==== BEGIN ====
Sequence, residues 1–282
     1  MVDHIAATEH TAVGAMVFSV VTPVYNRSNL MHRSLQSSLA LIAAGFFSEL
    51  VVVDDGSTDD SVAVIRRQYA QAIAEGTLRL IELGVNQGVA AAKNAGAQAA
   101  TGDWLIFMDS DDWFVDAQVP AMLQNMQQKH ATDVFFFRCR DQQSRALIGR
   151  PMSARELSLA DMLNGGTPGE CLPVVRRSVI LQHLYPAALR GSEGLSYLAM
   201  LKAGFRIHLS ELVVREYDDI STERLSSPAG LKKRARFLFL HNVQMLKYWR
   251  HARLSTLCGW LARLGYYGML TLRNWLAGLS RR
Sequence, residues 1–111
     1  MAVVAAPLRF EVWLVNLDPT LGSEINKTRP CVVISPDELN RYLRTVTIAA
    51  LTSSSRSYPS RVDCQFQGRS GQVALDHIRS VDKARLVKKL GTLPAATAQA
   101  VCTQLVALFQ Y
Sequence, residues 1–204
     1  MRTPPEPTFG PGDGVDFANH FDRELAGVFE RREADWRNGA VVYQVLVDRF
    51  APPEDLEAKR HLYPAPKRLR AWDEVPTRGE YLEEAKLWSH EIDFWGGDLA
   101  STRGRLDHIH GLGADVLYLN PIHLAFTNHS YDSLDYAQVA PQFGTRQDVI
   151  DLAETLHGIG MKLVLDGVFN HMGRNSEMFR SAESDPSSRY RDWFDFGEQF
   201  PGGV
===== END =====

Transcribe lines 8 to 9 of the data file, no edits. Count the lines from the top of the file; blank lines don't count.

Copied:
Sequence, residues 1–111
     1  MAVVAAPLRF EVWLVNLDPT LGSEINKTRP CVVISPDELN RYLRTVTIAA